displayName = value;
                return displayName;
        public event PropertyChangedEventHandler 
        private void OnPropertyChanged(String info)
            if (PropertyChanged != null)
                PropertyChanged(this, new 
    public class SColorList : 

Under an initialization method, you should then do the following:

        SColorList colorList = 

After that is done, the binding is complete and you can then add data item into the colorList and it will show up in the list box control.  And the best thing is your designer can do “magic” on the DataTemplate.

To bind or not to bind

In Programming on 24 July, 2008 at 7:00 pm

One feature of WPF is to bind a data providing class to a data receiving control, Microsoft decided to call it data-binding.  Data-binding is a strange topic for developer coming from C++, MFC background.  For them when you create a control, you will then needs to manually write code to add data to the control, there is no magic there.  In WPF, magic is created once you use data-binding, when the data providing class refresh with new data added, the control will automatically get updated to show all the new data items.  To accommodate developer who don’t understand much about data-binding, WPF with C# still provides the traditional way of adding data to a user control.  This is OK until you bring in the designer.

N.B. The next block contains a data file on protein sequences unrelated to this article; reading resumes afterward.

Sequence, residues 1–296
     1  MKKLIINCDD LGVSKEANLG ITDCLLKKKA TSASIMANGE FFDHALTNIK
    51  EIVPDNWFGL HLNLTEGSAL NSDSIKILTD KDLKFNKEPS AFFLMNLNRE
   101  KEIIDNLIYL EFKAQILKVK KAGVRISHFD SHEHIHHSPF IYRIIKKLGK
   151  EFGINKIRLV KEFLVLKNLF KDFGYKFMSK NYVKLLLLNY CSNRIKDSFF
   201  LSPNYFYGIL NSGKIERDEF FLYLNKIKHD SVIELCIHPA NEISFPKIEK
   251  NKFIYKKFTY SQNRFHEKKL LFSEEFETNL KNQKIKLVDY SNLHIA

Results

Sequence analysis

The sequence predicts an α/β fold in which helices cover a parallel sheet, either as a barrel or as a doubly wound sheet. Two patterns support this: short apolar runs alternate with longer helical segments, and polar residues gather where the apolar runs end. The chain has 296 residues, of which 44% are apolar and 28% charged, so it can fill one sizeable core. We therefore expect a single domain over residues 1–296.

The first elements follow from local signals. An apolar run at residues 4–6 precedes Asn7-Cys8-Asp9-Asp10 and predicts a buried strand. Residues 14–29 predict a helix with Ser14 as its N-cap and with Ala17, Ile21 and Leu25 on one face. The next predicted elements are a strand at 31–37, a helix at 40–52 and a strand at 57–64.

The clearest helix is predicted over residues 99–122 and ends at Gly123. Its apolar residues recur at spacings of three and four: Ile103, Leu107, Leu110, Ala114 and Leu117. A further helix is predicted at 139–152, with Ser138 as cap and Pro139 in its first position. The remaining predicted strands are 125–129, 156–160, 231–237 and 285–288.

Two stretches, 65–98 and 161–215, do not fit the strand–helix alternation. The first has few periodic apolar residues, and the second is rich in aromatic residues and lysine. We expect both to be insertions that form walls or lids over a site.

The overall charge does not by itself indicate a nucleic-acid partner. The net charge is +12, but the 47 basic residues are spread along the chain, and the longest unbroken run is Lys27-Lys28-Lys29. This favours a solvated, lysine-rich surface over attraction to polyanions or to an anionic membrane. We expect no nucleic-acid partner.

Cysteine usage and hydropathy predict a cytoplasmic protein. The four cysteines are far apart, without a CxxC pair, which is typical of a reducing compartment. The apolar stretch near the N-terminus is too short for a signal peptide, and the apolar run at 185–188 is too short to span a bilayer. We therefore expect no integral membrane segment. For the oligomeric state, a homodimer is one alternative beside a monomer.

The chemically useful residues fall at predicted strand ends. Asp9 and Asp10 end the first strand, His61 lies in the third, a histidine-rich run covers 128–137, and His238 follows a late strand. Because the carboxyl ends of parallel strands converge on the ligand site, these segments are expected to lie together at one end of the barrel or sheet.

Let’s see an example.  For some reason WPF does not support checked list box, however customizing one from the vanilla ListBox is not that difficult.  I’ve seen developer recommending that since list box can take any control item, thus when you add item, just new a CheckBox item, add that to the ListBox and you have a checked list box.  This is correct as long as no visual changes is going to be done to the CheckBox item.  If you are going to change the square check box into something more fanciful and you want your designer to do that for you, you’re out of luck.  Since these check box items are created in the code and not on the XAML, designer can’t see it in the Microsoft Expression Blend and thus can’t change them.  Global styling you say?  What if in your UI there is another check box item and you don’t want them to look the same?

Data-binding can help you here.  Create a DataTemplate in your XAML file, bind it to the ItemTemplate of the ListBox control and bind the ItemSource to the data class which inherit from the ObservableCollection class.  Now you can customize the DataTemplate to consist of a check box and a text label and since this is created in a XAML file, designer can see it and thus can reshape to whatever she wants.

Finally made the change

In Personal on 24 July, 2008 at 7:00 am

After using iblog for about 1 and a half year, I’ve finally decided to join in the flow and choose the popular WordPress type of blogging service.  One problem with iblog is that it is not up to date with the trend in blogging and thus not even tag is supported, however, it allows user to customize the theme (note CSS, not just changing the template) without any other added cost.  But the cons finally outweigh the pros and I’ve finally made the change.